Kinds of Tense – Past Tense – Chapter-2

The Tense stands for a verb form or series of verb Tense used to express a time relation. (काल एक क्रिया के रूप में होता है या क्रिया काल की श्रृंखला के लिए एक समय संबंध को व्यक्त करने के लिए उपयोग किया जाता है।) There are three types of Tense – (Tense के तीन प्रकार होते हैं)

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Past Tense

(English Grammar – Tense – Chapter-2)

The Tense stands for a verb form or series of verb Tense used to express a time relation. Tense occurs as a verb or verb used to express a time relationship for a series of tenses. There are three types of Tense.

  • Present Tense –  (Read here in Chapter-1)
  • Past Tense
  • Future Tense

Every Tense has four types. Here we will discuss and learn about Past Tense only. For the Present Tense, you may visit Chapter-1 by clicking above on the Present Tense Heading.

Now let’s start – Past Tense:

Past Tense 1.      Past Indefinite Tense

2.      Past Continuous Tense

3.      Past Perfect Tense

4.      Past Perfect Continuous Tense

Now we will study all these tenses separately in detail.

1. Past Indefinite Tense

At the end of the verb of a Hindi sentence – ता था, ती थी, ते थे, एवं आ, ए, ई (पढ़ा, पढ़ी), etc. when it comes, we usually translate that verb in Past Indefinite Tense.

Rules of Translation:

  • Affirmative Sentences (S+V2+o)

राम बिद्यालय जाता था / राम बिधालय गया – Ram went to school. मै विधालय जाता था / मै विधालय गया – I went to school. रानी एक किताब पढ़ती थी / रानी ने एक किताब पढ़ी – Rani read a book

  • Negative Sentences (S+did not+V1+O)

Ram did not go to school. I did not buy a house. Rani did not read a book.

  • Interrogative Sentences (Did+S+V1+O+?)

Did Ram go to school? Did you help Ram? Did Rani read a book?

For Past Habit: I never told a lie. Aayan went to school daily.

For Work Done in the Past: I went to Delhi last month. I bought a book yesterday.

To express the action of the Past Tense while another action was going on for a long time: When I entered the class, the teacher was teaching.

ADVERBS TO REMEMBER – Last, ago, yesterday, Fixed Year (1995), after before, before after.

2. Past Continuous Tense

When the verb of a Hindi sentence comes at the end of which रहा था, रही थी, रहे थे, etc, then we usually translate that verb in Past Continuous Tense.

Rules of Translation:

  • Affirmative Sentences (S+was/were+V1+ing+o)

Ram was reading a book. You were waiting for me. They were going to school.

  • Negative Sentences (S+was/were+not+V1+ing+O)

Ram was not reading a book. You were not waiting for me. They were not going to school.

  • Interrogative Sentences (Was/were+S+V1+ing+O+?)

Was Ram reading a book? Were you waiting for me? Were they going to school?.

For an action going on at a certain time in the past tense: I was writing a letter when my friend came. Ram was taking a bath when I went to see him. I was sleeping in my room when it started raining.

When we are interested in the continuation of the verb and not in the time of the main verb: I saw her when she was singing a song. It began to rain when I was having breakfast. I heard that my friends were calling me.

For two simultaneous actions in the past: When I was reading, Mohan was playing.

ADVERBS TO REMEMBER – Always, at the time, in those days, all day all evening.

3. Past Perfect Tense

When the verb of a Hindi sentence comes to the end of which चूका था, चुकी थी, चुके थे, या लिया था, etc., then we usually translate that verb in Past Perfect Tense.

Rules of Translation:

  • Affirmative Sentences (S+had+V3+O)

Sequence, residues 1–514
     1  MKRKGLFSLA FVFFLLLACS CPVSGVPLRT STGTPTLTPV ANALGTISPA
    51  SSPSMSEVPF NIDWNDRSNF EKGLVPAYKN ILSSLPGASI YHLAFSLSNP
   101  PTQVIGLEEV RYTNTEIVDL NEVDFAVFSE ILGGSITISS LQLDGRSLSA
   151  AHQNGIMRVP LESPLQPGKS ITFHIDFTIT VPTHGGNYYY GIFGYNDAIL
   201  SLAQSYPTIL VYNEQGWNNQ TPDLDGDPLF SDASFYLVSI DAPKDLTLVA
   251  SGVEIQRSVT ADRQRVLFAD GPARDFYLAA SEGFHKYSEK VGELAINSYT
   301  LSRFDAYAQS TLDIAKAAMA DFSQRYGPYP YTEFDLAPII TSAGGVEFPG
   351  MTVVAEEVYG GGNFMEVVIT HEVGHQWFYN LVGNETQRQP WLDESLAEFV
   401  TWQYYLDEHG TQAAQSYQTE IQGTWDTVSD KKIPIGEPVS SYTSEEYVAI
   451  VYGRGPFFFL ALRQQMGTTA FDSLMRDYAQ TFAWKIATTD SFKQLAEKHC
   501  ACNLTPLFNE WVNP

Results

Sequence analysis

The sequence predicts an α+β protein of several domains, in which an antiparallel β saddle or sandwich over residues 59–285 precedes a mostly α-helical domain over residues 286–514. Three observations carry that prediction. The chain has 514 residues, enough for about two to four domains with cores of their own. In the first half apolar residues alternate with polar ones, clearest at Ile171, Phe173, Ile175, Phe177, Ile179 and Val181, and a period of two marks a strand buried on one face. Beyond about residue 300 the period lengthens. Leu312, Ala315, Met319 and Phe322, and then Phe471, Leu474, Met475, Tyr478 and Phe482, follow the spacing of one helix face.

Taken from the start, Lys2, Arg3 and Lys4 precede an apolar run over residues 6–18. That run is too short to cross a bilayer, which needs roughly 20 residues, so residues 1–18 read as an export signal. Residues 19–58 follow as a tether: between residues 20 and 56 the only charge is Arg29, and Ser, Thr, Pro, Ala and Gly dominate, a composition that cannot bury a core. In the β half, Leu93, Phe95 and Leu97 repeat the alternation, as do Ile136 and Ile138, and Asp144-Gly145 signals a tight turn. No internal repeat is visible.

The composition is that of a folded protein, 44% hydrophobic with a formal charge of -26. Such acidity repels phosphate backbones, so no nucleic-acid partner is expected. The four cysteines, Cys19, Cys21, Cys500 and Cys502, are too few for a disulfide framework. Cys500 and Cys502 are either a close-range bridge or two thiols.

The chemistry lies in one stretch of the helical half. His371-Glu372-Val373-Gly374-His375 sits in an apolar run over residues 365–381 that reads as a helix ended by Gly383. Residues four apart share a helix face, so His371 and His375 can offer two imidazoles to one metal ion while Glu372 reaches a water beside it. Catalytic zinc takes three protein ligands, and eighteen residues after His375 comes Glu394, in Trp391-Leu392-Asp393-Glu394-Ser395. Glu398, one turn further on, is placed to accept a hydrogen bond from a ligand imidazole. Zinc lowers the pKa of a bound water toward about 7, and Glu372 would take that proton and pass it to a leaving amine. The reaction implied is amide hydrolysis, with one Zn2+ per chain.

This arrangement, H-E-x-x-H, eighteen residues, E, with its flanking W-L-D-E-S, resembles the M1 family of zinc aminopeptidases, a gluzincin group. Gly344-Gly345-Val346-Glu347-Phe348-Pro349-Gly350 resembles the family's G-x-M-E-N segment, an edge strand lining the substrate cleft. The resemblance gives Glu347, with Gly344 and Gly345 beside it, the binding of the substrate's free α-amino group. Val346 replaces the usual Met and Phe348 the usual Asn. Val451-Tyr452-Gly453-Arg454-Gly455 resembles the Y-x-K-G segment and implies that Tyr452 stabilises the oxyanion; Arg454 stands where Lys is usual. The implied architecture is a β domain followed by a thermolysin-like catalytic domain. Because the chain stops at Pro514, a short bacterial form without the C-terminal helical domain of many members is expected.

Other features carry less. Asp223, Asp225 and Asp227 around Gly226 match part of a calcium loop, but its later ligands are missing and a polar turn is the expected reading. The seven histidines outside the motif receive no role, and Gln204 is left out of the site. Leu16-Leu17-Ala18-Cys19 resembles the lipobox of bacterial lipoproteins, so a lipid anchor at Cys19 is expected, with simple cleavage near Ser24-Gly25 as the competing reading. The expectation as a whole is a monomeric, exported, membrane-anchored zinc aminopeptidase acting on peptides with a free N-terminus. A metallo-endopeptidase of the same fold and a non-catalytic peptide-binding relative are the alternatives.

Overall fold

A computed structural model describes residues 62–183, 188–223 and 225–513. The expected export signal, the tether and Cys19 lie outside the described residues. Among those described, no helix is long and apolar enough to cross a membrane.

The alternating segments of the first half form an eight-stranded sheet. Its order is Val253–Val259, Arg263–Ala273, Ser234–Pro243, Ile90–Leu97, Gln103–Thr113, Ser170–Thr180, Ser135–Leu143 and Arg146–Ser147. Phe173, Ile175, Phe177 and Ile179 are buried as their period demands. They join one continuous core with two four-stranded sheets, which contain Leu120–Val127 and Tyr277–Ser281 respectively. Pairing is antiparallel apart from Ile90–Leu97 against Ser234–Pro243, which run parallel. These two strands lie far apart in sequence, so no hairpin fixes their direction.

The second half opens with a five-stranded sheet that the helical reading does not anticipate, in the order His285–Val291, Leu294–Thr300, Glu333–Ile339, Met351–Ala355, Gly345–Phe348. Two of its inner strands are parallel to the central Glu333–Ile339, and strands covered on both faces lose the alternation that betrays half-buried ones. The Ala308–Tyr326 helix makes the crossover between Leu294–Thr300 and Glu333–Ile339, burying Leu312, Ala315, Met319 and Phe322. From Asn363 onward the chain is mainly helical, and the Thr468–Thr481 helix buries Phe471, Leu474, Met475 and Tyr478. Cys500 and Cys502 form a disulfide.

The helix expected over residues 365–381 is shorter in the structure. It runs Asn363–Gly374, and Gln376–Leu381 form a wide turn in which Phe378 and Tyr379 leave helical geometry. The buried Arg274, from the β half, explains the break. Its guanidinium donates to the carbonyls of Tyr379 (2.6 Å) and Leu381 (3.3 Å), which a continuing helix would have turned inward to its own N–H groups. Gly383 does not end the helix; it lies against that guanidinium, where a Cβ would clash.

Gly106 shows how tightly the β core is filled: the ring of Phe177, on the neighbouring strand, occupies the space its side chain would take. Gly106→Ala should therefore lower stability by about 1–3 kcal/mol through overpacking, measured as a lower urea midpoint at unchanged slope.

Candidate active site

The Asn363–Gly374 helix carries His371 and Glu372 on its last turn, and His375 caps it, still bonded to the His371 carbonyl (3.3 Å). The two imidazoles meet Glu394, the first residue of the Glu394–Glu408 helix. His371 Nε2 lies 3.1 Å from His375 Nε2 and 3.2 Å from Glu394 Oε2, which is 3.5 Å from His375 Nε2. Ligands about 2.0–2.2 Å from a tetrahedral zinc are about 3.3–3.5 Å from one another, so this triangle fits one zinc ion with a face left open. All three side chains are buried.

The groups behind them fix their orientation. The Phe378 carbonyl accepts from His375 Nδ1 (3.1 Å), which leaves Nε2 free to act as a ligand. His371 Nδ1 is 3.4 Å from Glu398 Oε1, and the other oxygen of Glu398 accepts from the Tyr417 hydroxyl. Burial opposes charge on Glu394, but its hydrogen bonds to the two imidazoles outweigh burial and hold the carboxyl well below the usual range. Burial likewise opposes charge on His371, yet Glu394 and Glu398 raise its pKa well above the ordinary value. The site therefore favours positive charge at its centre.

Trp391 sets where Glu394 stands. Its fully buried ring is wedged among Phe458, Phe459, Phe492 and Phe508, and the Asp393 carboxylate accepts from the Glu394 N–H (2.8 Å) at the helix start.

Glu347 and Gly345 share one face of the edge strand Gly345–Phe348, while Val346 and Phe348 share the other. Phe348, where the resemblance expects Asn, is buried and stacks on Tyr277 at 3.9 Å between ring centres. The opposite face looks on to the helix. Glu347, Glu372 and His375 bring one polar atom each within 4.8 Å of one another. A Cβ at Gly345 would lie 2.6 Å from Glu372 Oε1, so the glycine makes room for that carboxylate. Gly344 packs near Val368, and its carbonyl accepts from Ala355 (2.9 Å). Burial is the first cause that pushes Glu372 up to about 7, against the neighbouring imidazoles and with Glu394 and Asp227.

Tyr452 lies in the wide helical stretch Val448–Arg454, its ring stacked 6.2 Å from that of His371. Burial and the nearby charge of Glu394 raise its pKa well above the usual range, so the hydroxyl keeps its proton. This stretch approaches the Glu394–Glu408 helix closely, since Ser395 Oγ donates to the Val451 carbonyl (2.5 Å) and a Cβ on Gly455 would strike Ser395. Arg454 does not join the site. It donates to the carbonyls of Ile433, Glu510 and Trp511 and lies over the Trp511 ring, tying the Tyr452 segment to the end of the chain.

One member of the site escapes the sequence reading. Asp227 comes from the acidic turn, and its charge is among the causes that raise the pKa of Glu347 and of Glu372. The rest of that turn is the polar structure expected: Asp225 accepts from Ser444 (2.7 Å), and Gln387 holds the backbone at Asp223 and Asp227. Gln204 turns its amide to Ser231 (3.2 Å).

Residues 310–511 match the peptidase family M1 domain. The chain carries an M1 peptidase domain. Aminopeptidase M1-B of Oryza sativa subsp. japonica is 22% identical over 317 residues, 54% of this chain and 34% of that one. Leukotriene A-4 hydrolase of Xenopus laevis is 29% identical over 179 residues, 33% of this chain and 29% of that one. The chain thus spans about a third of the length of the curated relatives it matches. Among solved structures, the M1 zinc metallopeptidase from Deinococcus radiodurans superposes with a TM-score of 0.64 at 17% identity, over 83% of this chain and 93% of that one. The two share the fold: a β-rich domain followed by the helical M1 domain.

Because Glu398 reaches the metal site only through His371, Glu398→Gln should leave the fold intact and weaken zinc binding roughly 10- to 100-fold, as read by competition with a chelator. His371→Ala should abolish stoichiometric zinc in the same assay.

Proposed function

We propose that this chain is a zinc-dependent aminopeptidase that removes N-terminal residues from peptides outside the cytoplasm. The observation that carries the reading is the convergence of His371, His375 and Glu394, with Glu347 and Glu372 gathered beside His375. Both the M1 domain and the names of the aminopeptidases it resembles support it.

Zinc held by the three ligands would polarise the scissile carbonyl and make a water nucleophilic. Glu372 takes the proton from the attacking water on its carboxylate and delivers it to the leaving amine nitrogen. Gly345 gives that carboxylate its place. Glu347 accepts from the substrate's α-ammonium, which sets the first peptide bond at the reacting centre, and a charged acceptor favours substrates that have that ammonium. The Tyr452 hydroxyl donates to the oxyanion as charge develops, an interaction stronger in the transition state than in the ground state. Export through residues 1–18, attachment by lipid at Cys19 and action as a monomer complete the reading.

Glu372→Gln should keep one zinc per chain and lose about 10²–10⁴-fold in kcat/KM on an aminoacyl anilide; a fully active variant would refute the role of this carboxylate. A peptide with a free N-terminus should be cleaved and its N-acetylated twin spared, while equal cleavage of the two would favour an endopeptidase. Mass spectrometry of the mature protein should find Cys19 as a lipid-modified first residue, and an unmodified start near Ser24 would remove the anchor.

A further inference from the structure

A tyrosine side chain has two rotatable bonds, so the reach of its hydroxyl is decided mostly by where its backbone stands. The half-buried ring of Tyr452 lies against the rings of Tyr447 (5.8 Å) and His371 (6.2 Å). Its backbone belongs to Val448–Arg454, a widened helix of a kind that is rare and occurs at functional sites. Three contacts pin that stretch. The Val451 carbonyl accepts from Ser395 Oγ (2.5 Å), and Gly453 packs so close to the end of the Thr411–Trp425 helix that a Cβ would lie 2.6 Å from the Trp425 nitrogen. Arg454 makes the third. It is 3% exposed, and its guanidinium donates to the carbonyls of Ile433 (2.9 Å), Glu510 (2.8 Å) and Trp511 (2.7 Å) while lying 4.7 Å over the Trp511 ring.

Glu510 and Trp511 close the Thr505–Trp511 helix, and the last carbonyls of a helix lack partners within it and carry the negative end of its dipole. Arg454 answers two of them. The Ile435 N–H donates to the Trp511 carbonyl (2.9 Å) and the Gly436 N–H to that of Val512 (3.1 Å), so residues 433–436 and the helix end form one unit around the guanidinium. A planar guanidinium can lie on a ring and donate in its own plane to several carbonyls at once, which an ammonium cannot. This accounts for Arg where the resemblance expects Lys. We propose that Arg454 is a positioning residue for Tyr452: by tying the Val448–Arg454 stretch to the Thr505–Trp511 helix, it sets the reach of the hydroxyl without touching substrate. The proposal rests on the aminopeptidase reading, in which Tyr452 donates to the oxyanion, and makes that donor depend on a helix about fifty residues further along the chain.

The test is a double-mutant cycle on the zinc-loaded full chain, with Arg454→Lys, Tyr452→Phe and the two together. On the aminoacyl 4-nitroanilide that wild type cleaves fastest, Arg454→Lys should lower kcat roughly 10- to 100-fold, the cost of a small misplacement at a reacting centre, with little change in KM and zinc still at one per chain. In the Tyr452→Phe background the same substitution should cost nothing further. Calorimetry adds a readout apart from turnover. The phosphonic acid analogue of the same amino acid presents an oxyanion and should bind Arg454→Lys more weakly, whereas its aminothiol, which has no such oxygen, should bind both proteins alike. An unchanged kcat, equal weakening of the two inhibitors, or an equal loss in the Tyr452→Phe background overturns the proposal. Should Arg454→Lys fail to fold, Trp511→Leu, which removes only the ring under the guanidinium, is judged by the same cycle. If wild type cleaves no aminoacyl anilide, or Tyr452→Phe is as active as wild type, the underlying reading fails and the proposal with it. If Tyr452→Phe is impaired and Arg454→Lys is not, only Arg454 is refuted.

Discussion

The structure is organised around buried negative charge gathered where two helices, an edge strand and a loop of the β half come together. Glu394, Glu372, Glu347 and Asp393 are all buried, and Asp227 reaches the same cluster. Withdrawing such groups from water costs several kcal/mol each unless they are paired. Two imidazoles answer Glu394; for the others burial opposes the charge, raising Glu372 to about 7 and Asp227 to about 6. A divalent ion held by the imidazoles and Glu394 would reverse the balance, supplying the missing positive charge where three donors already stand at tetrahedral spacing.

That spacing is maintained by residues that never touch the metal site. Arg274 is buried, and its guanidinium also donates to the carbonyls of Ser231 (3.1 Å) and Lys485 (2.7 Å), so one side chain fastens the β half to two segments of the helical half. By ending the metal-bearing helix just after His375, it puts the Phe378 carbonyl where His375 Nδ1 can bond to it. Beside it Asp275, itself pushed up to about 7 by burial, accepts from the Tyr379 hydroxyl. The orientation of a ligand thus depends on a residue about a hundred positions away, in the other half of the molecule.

I had finished my work. We had solved all the questions. Rani had gone to school.

  • Negative Sentences (S+had+not+V3+O)

I had not finished my work. We had not solved all the questions. Rani had not gone to school.

  • Interrogative Sentences (Had+S+V3O+?)

Had Ram read a book? Had you played? Had Rani went to school?.

For the first of two actions in the past: I had finished my work before my father arrived. The teacher had started the lesson before I entered my class. The doctor came after the patient had died.

To reveal an unfulfilled desire: I wish I had worked hard. I wish I had listened to the principal’s advice.

For an action that was completed by a certain time in the past: I had written five poems by evening. The peon had ring the bell before I entered my school.

ADVERBS TO REMEMBER – Already, never, before से पहले, after के बाद, by the end of, at the age of.

4. Past Perfect Continuous Tense

When the verb of a Hindi sentence comes at the end of time, रहा था, रही थी, रहे थे, etc., then we usually translate that verb in Past Perfect Continuous Tense.

Rules of Translation:

  • Affirmative Sentences (S+had been+V1 ing+O+since/for+time)

Mohan had been playing football for two hours. Rama had been writing a book since Monday. We had been waiting for you for two hours.

  • Negative Sentences (S+had not been+V1 ing+O+ since/for+time)

Mohan had not been playing football for two hours. Rama had not been writing a book since Monday. We had not been waiting for you for two hours.

  • Interrogative Sentences (Had+S+been+V1 ing+O+since/for+time?)

Had Mohan been playing football for two hours? Had Rama been writing a book since Monday? Had you been waiting for me for two hours?.

To express an action that began before a certain time in the past was going on at that time and did not end: He had been reading a book for five hours. I had been reading in that school for three years. Mohan had been playing football for two hours.

When Past Indefinite Tense (V2) is given in a part of the sentence, then with since/for + time: I had been raining for two hours when you came. Someone had been knocking at the door for five minutes when I went to open it.

There are also four different types of Future Tense. To read its four types, go to Chapter-3. Click on the link given below. Thank You

Future Tense

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